Right off the bat, this statement starts off with a verifiable truth (5 signers were indeed captured) but quickly goes downhill on the steep slope of fabrication. Four (Walton, Heyward, Middleton and Rutledge) were not captured as traitors or for their involvement in the signing of the DoI, but were taken as prisoners of war due to their military involvement. Richard Stockton was the only once captured specifically because of his involvement in signing, but he was also the only one of the 56 signers who violated the pledge to support the DoI. He was granted release only after recanting his signature and swearing allegiance to King George III. The four who were captured as prisoners of war were not tortured, but were given the same ill treatment given to all prisoners of war. They were later released.

#2: Twelve had their homes ransacked and burned

Taken at face value, this is a true statement. However, the implication that they were targeted as a result of their signing the DoI is false. A common part of warfare during this period was the seizure or destruction of personal property by both sides of the war. It’s also worth noting at this point that, at the time of the signing in 1776, the war had been going on for over a year.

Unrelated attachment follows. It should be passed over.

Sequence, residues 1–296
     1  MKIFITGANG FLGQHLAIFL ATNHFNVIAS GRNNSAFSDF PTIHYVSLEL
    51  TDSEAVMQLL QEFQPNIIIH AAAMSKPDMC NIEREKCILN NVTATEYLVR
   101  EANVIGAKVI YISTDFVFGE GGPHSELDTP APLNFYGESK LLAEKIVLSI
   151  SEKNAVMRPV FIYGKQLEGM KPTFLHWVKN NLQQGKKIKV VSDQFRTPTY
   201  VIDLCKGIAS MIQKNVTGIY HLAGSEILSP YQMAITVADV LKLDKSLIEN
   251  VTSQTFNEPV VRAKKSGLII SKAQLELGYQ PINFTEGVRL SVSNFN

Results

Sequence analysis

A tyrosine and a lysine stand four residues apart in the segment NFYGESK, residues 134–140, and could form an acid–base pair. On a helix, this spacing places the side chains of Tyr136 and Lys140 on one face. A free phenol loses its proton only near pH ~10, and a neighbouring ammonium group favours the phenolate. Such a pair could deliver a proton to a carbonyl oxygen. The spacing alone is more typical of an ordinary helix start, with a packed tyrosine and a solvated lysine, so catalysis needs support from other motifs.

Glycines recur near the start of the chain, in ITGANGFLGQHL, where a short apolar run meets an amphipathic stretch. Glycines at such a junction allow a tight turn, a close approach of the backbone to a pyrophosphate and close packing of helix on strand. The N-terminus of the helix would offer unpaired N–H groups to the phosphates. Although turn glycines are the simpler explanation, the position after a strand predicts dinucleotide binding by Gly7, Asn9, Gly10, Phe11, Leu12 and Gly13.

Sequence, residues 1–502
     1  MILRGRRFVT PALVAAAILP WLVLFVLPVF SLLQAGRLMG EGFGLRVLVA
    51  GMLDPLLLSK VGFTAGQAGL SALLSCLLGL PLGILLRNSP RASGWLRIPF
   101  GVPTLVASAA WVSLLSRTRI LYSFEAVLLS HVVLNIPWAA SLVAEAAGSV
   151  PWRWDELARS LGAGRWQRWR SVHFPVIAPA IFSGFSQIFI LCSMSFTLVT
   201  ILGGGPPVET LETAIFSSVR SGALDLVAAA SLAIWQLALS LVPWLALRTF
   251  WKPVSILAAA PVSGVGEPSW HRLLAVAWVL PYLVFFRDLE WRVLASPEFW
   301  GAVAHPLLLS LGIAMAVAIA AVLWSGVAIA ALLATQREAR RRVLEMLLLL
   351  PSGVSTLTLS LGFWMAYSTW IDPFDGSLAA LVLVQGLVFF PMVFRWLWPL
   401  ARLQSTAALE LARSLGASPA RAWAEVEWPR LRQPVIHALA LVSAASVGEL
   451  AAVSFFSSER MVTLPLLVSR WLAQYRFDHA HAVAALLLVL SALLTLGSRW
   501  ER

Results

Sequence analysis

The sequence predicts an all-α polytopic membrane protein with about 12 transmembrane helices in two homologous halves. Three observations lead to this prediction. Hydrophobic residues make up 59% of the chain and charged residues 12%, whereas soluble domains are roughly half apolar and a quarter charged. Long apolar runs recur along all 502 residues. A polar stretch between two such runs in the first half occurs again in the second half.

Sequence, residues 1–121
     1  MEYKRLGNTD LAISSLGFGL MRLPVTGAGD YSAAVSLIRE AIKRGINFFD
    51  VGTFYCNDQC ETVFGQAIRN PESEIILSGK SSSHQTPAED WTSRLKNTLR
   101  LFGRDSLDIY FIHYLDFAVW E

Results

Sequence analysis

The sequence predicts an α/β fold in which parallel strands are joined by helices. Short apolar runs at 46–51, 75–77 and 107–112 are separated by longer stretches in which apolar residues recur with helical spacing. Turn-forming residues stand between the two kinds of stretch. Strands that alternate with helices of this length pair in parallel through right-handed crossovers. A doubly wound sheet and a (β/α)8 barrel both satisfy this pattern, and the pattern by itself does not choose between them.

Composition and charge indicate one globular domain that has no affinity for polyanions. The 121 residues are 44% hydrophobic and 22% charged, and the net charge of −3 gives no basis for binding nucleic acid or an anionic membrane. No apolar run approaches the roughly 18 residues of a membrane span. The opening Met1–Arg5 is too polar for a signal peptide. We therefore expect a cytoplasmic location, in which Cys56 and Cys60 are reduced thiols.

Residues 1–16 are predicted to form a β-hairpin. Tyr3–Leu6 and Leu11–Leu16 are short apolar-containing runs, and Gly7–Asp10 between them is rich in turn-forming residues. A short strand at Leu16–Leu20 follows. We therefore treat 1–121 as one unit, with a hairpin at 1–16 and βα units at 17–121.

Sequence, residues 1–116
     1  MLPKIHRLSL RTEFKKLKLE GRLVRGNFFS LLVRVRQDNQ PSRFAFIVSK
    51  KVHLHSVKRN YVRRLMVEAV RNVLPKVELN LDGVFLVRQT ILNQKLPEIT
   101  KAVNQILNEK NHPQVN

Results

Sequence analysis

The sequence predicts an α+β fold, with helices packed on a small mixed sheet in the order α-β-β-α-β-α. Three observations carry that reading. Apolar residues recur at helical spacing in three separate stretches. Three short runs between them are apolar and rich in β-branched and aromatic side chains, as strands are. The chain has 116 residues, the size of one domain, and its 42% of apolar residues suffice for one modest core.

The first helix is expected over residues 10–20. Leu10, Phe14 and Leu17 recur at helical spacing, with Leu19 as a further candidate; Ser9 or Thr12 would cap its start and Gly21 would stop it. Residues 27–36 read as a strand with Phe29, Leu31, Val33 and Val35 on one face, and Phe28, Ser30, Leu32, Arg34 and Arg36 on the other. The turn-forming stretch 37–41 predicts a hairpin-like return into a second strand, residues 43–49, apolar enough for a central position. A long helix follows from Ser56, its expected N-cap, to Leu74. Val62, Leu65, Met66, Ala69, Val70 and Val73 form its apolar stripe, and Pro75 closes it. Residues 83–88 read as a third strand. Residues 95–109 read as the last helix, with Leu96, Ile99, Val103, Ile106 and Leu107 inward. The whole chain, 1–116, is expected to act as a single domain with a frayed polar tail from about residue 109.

#3: Two lost their sons serving in the Revolutionary Army, another had two sons captured
Abraham Clark had two sons captured and imprisoned. Only one signer had a son die in the Army: John Witherspoon’s eldest son was killed in the Battle of Germantown.

#4: Nine of the 56 fought and died from wounds or hardships of the Revolutionary War

Here, too, we see an embellishment of fact. Nine of the signers did indeed die during the time of the War, but none of them died from wounds or hardships inflicted on them by the British. Several did not even take part in the war. Button Gwinnett was the only one who died from wounds, but these were as a result of a duel against a fellow officer.

#5: Francis Lewis had his home and properties destroyed. The enemy jailed his wife and she died within a few months.

Francis Lewis’s wife ignored an order to evacuate Long Island and as a result was captured by the British. However, she was later exchanged for wives of British officials captured by the Americans. She lived for a few more years (not months) after her capture and died (most probably due to the hardships she faced as a prisoner) in 1779. One note in this particular case is that Lewis and his family was indeed targeted for his role in signing the DoI.

#6: John Hart was driven from his wife’s bedside as she was dying. Their 13 children fled for their lives. His fields and his gristmill were laid to waste. For more than a year, he lived in forests and caves, returning to find his wife dead and his children vanished. A few weeks later, he died from exhaustion and a broken heart.